UNITED STATES DISTRICT COURT NORTHERN DISTRICT OF NEW YORK
October 4, 2007
JOHN BURDICK, PLAINTIFF,
WILLIE JOHNSON, JR., JON DOYLE, TROOPER GAUNEY, AND TROOPER KANEG, DEFENDANTS.
MEMORANDUM-DECISION AND ORDER*fn1
On December 6, 2006, Burdick commenced this action. In his Complaint, Burdick asserts that, on or about December 4, 2003, he "was arrested by the Defendants under the pretext of his needing a psychological evaluation [and that] [d]uring the course of this arrest, the Defendants used excessive force to subdue Burdick, severely fracturing his wrist." Complaint (Dkt. No. 1) at ¶ 1. Burdick asserts causes of action under Section 1983 of Title 42 of the United States Code ("42 U.S.C. § 1983") for application of excessive force and false arrest. Complaint (Dkt. No. 1) at ¶¶ 16-25. On April 2, 2007, a copy of the Summons and Complaint was accepted on behalf of Defendant Trooper Gauney by Sergeant Lewis of the New York State Police at Trooper Gauney's place of employment and a copy of the Summons and Complaint was mailed to Trooper Gauney at his place of employment in an envelope that "did not reflect that the mail was from an attorney or process server." Certificate of Service (Dkt. No. 18, Att. #1). Defendants move to dismiss the Complaint pursuant to Rule 12(b)(6), contending that the Complaint must be dismissed because the claims therein are barred by the statute of limitations. In addition, Defendants contend that, due to the failure to effect proper service pursuant to Rule 4(e), Plaintiff did not achieve personal jurisdiction over Trooper Gauney. See Mem. of Law (Dkt. No. 8, Att. #1). Burdick has opposed Defendants' motion. See Aff. in Opp'n (Dkt. No. 18) at ¶¶ 2, 3.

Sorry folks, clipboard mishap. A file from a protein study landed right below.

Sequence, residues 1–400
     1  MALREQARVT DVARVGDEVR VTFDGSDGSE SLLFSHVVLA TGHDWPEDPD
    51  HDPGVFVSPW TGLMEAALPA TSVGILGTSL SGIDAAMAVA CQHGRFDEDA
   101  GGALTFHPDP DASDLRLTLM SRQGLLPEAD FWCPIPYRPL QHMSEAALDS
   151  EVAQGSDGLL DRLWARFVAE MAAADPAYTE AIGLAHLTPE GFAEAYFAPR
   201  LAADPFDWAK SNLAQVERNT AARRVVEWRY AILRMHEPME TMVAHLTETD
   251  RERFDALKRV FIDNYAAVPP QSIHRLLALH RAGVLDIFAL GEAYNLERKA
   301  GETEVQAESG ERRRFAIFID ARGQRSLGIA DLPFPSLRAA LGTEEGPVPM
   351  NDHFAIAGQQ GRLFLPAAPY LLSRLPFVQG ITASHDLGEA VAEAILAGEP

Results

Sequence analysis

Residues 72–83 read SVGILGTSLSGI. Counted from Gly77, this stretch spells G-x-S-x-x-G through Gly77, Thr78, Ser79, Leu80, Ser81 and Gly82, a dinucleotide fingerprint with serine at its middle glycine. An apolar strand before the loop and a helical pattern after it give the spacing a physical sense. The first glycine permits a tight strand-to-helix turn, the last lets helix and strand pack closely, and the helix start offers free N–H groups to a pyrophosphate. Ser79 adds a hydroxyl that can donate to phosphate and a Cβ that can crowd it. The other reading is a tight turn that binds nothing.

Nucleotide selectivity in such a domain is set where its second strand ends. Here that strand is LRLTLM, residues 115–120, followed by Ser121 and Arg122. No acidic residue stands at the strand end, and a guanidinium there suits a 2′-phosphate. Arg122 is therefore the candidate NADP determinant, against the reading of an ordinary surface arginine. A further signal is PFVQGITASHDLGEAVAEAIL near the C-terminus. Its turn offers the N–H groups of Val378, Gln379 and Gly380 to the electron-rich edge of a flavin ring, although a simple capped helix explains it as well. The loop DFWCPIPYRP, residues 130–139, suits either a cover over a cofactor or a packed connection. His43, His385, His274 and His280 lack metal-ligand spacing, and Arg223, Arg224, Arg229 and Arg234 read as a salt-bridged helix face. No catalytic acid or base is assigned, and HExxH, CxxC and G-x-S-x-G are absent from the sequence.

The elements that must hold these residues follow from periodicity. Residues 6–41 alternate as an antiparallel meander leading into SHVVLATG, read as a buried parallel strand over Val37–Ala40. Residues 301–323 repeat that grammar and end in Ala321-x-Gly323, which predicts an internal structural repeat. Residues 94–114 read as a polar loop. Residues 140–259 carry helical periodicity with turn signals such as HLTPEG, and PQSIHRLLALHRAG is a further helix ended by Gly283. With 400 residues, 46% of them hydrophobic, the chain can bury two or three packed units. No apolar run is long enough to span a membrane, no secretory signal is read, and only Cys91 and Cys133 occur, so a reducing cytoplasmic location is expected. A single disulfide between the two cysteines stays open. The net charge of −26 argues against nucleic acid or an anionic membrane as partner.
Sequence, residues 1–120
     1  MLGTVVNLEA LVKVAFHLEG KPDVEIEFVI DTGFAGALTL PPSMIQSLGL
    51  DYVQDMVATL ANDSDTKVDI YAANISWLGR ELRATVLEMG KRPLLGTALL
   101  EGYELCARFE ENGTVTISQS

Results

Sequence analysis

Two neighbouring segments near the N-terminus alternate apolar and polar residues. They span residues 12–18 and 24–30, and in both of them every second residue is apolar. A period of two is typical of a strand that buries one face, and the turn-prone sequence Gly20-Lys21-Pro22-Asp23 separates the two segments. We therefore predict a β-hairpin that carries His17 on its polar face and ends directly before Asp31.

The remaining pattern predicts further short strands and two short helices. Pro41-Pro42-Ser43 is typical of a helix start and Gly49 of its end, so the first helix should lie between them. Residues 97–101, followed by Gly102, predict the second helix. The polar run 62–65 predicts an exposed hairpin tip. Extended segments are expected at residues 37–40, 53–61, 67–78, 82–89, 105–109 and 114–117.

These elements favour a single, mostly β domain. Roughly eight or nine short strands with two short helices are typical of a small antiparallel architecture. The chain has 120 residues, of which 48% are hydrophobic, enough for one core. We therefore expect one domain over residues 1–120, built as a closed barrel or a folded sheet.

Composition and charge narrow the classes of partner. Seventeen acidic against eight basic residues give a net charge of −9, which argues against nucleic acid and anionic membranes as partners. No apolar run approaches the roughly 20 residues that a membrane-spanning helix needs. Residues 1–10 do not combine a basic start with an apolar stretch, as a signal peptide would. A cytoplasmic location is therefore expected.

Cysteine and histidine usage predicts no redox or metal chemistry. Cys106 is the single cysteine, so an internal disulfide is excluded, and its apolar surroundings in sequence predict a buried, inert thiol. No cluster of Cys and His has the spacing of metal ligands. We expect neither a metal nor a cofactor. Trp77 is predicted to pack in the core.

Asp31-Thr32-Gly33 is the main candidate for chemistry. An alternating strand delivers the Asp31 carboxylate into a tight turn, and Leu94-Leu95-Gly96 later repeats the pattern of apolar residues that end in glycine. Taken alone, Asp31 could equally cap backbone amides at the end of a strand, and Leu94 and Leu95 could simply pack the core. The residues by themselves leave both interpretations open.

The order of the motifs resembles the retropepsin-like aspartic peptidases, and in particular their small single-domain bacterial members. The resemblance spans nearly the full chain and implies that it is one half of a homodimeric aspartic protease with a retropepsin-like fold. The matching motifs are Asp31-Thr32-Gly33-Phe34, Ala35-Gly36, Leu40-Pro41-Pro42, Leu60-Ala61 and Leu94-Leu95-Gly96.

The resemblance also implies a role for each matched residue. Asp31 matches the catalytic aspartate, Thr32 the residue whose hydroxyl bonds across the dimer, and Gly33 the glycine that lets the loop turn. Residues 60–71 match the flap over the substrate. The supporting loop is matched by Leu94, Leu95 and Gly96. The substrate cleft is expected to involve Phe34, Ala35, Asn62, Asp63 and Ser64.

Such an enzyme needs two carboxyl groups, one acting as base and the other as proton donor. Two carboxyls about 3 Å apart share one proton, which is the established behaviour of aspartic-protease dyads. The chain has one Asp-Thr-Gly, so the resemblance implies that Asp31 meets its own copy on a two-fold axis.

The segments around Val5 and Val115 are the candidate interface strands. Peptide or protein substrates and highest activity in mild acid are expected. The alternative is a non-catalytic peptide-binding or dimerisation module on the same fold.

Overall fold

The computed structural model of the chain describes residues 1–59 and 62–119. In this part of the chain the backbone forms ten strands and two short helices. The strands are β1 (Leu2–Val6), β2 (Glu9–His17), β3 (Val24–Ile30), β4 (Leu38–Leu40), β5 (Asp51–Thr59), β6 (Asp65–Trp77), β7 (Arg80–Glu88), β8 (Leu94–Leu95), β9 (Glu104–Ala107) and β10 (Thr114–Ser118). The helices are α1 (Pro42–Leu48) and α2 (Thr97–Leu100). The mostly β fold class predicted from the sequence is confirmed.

A. Standard of Law - Motion to Dismiss
In evaluating a Rule 12(b)(6) motion, the court accepts the facts alleged in the complaint and "construe[s] all reasonable inferences in the plaintiff's favor." Hernandez v. Couglin, 18 F.3d 133, 136 (2d Cir. 1994) (citations omitted). A motion to dismiss based on a statute of limitations defense should be granted "when the running of the statute is apparent from the face of the complaint." Hussain v. Comm'r of Nassau County Police Dep't, 368 F.Supp.2d 216, 217 (E.D.N.Y. 2005) (citations omitted). However, it must also be "beyond a doubt that plaintiff can prove no set of facts in support of his claim which entitle him to relief." Cooper v. Parsky, 140 F.3d 433, 440 (2d Cir. 1998) (quoting Conley v. Gibson, 355 U.S. 41, 45--46 (1957)). Defendants seek to dismiss Plaintiff's Complaint on the basis that the statute of limitations has expired. For the reasons set forth below, Defendants' motion is denied.
B. Statute of Limitations
In actions accruing under 42 U.S.C. § 1983, the limitations period to be used is "the general or residual statute for personal injury actions." Owens v. Okure, 488 U.S. 235, 250 (1989). In New York, the general limitation period for personal injury suits is three years. N.Y. C.P.L.R. § 214(5) (2007). The limitation periods for § 1983 actions accrue when a plaintiff "knows or has reason to know" of the injury at issue. Singleton v. New York, 632 F.2d 185, 191 (2d Cir. 1980) (citations omitted). Claims for false arrest generally accrue on the date of the false arrest. Id. at 191. When the final day of the period falls on a weekend or legal holiday, both federal and state law operate to extend the period to the next-occurring business day. See Fed. R. Civ. P. 6(a); N.Y. Gen. Constr. Law § 25-a(1) (2007) (establishing specific regulations for calculation of time periods).